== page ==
Relationships, memories, and love. That was all he needed in the end.
A few days after Ben died, my husband and I walked together on one of the busiest downtown streets in the country. With no destination in mind, we walked along the bustling city street processing the week’s traumatic events out loud.
Suddenly, my husband stopped walking. Right there in the middle of the crowded sidewalk, he grabbed my hand and declared, “I want to have more fun.”
I can still smell the muggy spring air, the exhaust of the cars rushing past, the thunder storm brewing off in the distance. I haven’t forgotten my husband’s words, and I don’t think I ever will. I want to have more fun too, but “having more fun” can be elusive. What does it mean? What does it look like in a life with duties and responsibilities?
Well, I recently got an idea while listening to my current song obsession, Suit and Jacket. Judah and the Lion sing:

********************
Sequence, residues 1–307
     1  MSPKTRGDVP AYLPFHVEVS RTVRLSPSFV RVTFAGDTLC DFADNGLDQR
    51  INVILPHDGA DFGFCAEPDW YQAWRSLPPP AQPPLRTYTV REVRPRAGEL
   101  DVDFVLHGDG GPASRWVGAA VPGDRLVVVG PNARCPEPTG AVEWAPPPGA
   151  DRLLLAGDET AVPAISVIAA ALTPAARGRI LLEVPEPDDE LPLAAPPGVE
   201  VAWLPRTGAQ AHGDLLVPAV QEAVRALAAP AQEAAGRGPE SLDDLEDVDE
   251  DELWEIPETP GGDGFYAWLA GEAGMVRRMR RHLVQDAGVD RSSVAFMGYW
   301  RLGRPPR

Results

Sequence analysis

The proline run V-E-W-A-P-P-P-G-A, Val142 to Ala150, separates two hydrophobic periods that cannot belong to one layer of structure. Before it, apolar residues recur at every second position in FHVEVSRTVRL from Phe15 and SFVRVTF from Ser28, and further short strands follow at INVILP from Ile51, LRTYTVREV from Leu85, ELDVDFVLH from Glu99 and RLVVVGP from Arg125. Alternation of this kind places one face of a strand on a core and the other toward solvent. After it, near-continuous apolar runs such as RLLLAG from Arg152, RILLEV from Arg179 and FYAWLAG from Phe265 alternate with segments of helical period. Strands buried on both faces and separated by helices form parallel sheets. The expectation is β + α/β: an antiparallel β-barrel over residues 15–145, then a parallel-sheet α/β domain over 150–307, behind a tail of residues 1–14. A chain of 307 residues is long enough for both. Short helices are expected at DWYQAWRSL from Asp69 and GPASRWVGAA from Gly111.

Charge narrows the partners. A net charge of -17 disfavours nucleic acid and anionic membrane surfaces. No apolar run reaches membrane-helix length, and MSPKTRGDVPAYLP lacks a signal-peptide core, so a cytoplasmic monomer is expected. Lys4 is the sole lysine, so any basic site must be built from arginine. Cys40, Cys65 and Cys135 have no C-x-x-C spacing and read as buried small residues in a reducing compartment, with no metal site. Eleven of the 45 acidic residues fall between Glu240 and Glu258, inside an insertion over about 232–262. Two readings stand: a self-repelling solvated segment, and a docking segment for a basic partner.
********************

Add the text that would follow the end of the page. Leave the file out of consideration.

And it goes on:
“I ain’t trading my youth for no suit and jacket
I ain’t giving my freedom for your money and status
So don’t say I’m getting older
Cause I’ll say it when I do.
Cause everybody I know, everybody I know
Is growing old, is growing old too quickly
And I don’t wanna go
So how am I supposed to slow it down so I can figure out who I am?”
Hmmm … perhaps putting an end to my bad trading practices is a good starting point to having more fun. Through Judah’s musical inspiration and some divine guidance from Ben, I’ve made some decisions.
I’ve decided …
I’m not trading a conversation with my daughter for a mindless scroll on Instagram.
I’m not trading a proper hug and kiss to get out the door on time.
I’m not trading unity for getting in the last word.
I’m not trading “likes” for real love.
I’m not trading sanity for sales.
I’m not trading a double scoop of chocolate chip ice cream for a number on the scale.
I’m not trading real conversation for an unblemished reputation.